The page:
RAEFORD — As autumn’s crisp air replaces summer’s heat, the fields of Hoke County undergo their seasonal transition. The county’s cotton fields transform as white bolls are harvested and rolled into large bales, awaiting transport to local gins. Throughout North Carolina, cotton farming stands as a symbol of both tradition and change.
Historically known for its livestock, Hoke’s farmers have diversified their agricultural portfolio to include corn, peanuts, soybeans, sweet potatoes, and cotton. This shift reflects a broader trend in North Carolina’s farming sector, where adaptation and diversification are key to sustainability.
Farmers like Marvin McDonald, his son Daniel, and veteran Johnny Boyles are at the forefront of this evolving landscape. They navigate the complexities of a crop deeply intertwined with the global economy. Marvin McDonald, who transitioned to cotton farming in 1989, was driven by the need for financial sustainability amid fluctuating grain markets. “Cotton farming is not just about growing a crop; it’s about understanding and adapting to market trends,” he says.
Daniel McDonald, set to continue the family legacy, stresses the importance of public awareness and appreciation for the impact that farmers and agriculture have on every citizen. “Many don’t realize where their food comes from,” said McDonald. “They see farming, but they don’t understand the challenges and hard work involved.” He says a commitment to educating the public and encouraging the next generation’s involvement in farming is vital for the industry’s future.
Johnny Boyles, with four decades in farming, joined the McDonalds to discuss Hoke County’s cotton crops with the North State Journal last week. Boyles reflected on the shift from tobacco to cotton as his entry into the cotton industry. “Tobacco was once the mainstay, but cotton has proven more sustainable and less controversial,” said Boyles. “It’s about adapting to the times and the market.” Boyles also pointed to technological advancements that have transformed cotton farming. “The industry has evolved, but the essence of farming – resilience and hard work – remains unchanged,” he adds.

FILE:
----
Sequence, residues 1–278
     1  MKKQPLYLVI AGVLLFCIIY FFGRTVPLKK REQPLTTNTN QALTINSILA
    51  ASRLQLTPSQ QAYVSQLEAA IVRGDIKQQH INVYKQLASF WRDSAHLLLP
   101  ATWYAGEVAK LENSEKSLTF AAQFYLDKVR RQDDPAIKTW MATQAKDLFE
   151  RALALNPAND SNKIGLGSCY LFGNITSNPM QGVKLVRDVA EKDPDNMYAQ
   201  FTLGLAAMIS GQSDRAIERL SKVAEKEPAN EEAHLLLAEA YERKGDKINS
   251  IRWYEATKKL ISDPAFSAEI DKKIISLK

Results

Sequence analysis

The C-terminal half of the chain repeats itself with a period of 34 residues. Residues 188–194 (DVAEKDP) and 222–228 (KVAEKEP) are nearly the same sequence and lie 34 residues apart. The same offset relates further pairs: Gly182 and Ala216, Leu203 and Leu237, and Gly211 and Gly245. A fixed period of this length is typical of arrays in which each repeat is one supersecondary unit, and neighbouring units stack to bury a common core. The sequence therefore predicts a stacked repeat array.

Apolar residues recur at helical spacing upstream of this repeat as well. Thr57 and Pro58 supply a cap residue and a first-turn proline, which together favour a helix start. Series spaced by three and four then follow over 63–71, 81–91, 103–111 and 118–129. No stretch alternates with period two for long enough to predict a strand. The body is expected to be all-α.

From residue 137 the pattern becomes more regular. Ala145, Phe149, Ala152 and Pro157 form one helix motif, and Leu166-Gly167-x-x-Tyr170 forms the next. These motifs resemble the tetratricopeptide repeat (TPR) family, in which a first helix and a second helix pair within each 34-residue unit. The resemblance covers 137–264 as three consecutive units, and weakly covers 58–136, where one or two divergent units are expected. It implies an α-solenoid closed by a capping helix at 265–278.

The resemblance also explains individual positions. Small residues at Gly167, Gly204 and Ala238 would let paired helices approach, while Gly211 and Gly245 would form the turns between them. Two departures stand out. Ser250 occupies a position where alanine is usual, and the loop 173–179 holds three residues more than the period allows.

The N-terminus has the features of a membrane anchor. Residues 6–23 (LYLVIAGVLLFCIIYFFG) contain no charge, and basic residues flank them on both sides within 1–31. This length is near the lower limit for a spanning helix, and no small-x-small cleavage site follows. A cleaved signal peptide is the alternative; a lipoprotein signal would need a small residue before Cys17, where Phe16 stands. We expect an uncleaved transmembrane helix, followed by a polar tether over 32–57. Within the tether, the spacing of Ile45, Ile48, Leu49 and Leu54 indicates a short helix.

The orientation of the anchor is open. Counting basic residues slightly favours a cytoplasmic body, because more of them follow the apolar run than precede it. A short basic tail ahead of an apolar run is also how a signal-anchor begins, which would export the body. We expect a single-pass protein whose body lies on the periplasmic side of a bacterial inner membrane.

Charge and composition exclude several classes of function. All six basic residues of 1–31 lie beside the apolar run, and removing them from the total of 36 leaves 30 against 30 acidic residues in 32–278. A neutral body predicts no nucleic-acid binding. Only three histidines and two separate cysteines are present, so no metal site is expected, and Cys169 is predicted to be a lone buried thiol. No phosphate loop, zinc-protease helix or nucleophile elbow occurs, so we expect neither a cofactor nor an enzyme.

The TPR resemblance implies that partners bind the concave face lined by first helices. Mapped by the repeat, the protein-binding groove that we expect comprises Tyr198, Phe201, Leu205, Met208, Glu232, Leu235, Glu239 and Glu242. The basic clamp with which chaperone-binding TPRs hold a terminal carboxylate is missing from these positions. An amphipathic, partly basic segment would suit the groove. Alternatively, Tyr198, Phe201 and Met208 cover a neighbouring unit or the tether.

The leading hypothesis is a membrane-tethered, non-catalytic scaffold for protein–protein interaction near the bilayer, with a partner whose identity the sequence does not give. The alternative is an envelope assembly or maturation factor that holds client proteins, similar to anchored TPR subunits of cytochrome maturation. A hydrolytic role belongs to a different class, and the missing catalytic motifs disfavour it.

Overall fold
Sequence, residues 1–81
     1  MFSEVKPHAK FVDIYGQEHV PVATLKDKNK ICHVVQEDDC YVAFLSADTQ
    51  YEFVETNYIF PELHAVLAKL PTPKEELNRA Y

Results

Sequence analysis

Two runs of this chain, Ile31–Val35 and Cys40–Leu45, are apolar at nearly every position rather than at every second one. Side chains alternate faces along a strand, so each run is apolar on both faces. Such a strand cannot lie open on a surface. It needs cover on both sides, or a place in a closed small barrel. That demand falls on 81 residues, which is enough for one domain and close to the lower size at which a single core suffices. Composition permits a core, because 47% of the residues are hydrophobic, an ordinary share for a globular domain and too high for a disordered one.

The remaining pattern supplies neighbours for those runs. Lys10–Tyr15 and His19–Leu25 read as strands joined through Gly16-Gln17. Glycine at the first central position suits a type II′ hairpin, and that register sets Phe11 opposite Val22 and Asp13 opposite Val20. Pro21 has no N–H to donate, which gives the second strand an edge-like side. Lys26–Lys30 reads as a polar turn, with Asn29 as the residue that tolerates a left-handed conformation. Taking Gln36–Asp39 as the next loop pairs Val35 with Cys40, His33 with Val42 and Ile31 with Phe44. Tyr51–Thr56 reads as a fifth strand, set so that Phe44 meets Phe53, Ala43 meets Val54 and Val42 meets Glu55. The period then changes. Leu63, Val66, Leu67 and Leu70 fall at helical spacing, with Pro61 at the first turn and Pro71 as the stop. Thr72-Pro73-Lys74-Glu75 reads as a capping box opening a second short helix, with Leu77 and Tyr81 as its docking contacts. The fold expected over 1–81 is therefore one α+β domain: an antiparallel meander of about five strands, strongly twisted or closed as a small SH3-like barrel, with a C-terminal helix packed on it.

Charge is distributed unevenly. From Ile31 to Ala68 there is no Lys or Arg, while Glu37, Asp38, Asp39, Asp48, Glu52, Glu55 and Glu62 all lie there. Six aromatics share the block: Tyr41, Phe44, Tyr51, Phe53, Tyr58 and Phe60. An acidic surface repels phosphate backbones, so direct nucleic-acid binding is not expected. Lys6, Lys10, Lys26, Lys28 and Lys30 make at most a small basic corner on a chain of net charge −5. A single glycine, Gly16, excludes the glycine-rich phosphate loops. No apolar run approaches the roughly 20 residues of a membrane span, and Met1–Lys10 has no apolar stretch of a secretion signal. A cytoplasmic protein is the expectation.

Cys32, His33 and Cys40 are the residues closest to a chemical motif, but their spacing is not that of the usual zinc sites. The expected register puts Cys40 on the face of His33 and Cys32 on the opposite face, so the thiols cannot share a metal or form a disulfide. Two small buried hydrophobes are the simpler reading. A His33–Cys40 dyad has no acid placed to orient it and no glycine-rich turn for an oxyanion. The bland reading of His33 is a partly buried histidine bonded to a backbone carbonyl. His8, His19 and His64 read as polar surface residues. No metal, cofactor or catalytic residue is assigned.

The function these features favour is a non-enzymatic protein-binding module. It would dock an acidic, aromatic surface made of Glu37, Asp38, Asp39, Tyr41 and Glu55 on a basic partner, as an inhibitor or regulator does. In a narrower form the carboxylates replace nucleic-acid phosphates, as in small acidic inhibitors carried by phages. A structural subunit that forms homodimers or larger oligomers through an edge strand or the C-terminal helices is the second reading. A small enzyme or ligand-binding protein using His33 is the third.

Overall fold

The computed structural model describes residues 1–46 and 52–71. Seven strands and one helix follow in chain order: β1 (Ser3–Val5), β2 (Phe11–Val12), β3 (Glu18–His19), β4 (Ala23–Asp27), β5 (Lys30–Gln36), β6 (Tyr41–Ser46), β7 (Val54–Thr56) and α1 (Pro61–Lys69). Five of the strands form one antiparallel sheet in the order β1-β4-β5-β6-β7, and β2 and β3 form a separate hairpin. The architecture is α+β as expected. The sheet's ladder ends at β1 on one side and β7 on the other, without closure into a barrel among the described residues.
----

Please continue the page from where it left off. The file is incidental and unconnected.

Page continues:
The global cotton industry is significant to the world economy, with major producers like the United States, India, China, and Brazil shaping the market. The U.S. remains a key exporter, with states like Texas, Georgia, and Mississippi leading in production. The international supply chain of cotton, stretching from cultivation to textile manufacturing, involves countries like China and Bangladesh, requiring stable trade relations to maintain practices and production.
In North Carolina, the major players in cotton production are concentrated in the northeast of the state. Counties like Halifax (95,000 bales), Northampton (71,400 bales), Bertie (70,000 bales), Martin (56,000 bales), Edgecombe (47,500 bales), and Hertford (34,000 bales) lead in production. While Hoke County doesn’t rank among these top producers, its agricultural diversity, including row crops and livestock, provides a buffer against market volatility, strengthening the local economy and contributing to the resilience of the state’s agricultural sector.
Farmers in Hoke County face challenges like fluctuating market prices, weather, and evolving consumer demands as part of the broader industry. The value of global and state cotton economies underscores the crop’s significance. The U.S. is a leading cotton producer, with an estimated annual production value exceeding $6 billion. In North Carolina, the state ranks sixth nationally in cotton production.
The latest U.S. Department of Agriculture cotton projections for 2023 show China accounts for nearly half of global cotton stocks, with India, Brazil, and the United States combining for an additional 25 percent. World cotton production is forecast at 112.6 million bales in 2023, 3.2 percent below the previous year, as the global yield is projected to decrease, while the global cotton trade is projected to rise 17 percent in 2023-24.
Hoke County farmers like the McDonald family are committed to the future of global crops like cotton and hope the demand and innovation help keep them in business. Recognizing their position as part of a larger supply chain, Daniel McDonald said, “I just hope that textiles and things can improve around this area so we can continue to afford to do it.”